Not only can your loved one maintain their existing social connections, but they also benefit from dedicated, regular interactions with their home care worker. Arranging 24-hour home care also ensures your loved one benefits from home cooked meals as well as increased stability at home, as opposed to the considerable disruption of placing your loved one in a care home.
And, with skyrocketing care home fees and lack of funding support, families like yours are choosing to invest in care at home to ensure their loved one experiences a positive quality of life.
Isn’t home care expensive?
Surprisingly, home care is not as expensive as you may think. You also have greater control over what you pay for compared to care home charges, and your loved one has a greater chance of receiving local council funding for home care.
This is because council means testing for home care financial support excludes the value of the property from the total asset threshold of £23,250. Your council will evaluate your loved one’s needs to determine the amount of funding it will award. It’s worth noting that funding for both care homes and care at home does not cover any living costs.
A care home’s fees are more generalised, whereas home care costs are much more precise and influenced by your wants and needs, rather than the other way round. You have greater choice and control over the care professional you hire, whether you work with a home care agency or directly with a self-employed carer. As a comparison, live-in care can cost on average £600 - £800 per week.
The challenge of how to care for our ageing population is a challenge that affects us all. Families are increasingly choosing home care for their loved ones, offering better living arrangements, improved quality of life and greater control over what they pay for. Home care provides your loved one with the opportunity to remain independent for as long as possible.
How to Care for Elderly Parents: Caregiver Tips
Caring for elderly parents is a role reversal that few people find particularly easy. For those of the older generation, it means having to give up a degree of independence and their life-long role as the parent figure. For the adult child, taking on the responsibility of parenting your own parent can be difficult to come to terms with. However, there are steps you can take to minimise the problems.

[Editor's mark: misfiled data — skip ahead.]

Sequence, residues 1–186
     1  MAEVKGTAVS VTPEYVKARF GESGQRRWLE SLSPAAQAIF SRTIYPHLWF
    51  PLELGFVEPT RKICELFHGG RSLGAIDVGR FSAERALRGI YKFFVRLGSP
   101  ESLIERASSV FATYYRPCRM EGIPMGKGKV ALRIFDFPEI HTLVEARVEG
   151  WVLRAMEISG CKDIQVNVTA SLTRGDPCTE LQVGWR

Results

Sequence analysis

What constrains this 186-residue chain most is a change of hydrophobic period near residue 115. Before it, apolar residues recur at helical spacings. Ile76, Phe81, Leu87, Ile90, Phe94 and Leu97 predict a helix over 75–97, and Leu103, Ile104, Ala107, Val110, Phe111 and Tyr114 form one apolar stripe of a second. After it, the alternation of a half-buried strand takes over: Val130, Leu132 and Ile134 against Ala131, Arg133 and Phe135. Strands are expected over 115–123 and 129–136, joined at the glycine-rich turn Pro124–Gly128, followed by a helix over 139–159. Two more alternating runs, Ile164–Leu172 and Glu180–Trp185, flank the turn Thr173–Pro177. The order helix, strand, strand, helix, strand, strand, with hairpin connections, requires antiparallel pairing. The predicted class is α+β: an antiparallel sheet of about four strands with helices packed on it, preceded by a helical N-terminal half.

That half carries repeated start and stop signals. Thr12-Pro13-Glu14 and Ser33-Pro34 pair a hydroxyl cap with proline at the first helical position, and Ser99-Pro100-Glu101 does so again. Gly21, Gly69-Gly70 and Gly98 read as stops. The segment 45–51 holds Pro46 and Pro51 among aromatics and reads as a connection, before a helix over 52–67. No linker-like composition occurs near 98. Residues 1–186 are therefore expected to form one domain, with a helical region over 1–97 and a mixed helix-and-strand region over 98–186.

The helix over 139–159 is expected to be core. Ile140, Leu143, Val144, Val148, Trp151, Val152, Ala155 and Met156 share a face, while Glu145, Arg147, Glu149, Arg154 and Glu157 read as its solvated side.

Common Misconceptions and Myths About Care
More elderly people need care in this country than ever before. News headlines frequently focus on the crisis in care, but what do you really know about care? The following misconceptions are widely held; we explain the truth below.
Dementia Live-in Care: How to Find a Carer
If you have a loved one who is living with dementia, you will want to ensure that they enjoy the best quality of life they can. Care at home is an ideal solution, but finding a caregiver you can rely on to provide support and companionship 24 hours a day is not always straightforward. There two main options when searching for a live-in carer for your loved one; private arrangements or employing a specialist care provider.
Alzheimer's Care: What Are the Costs?
Your local authority will provide a free assessment of your loved one’s needs on request and will draw up a care plan for you. This will determine how much help might be available from state funding. If your loved one receives financial assistance, you do not have to spend this sum on local authority services and are free to arrange private care if you prefer.
Care for the Elderly: Grooming and Hygiene Guide
Maintaining good personal hygiene is important as your loved one ages, but it is not always easy to intervene if you feel they are not coping well. Poor hygiene can result in uncomfortable infections and skin complaints, so to avoid this, you or your loved one’s caregiver may have to encourage them tactfully to accept some assistance. They may be more willing to agree to the support on offer if they realise that it will enable them to retain a level of independent living.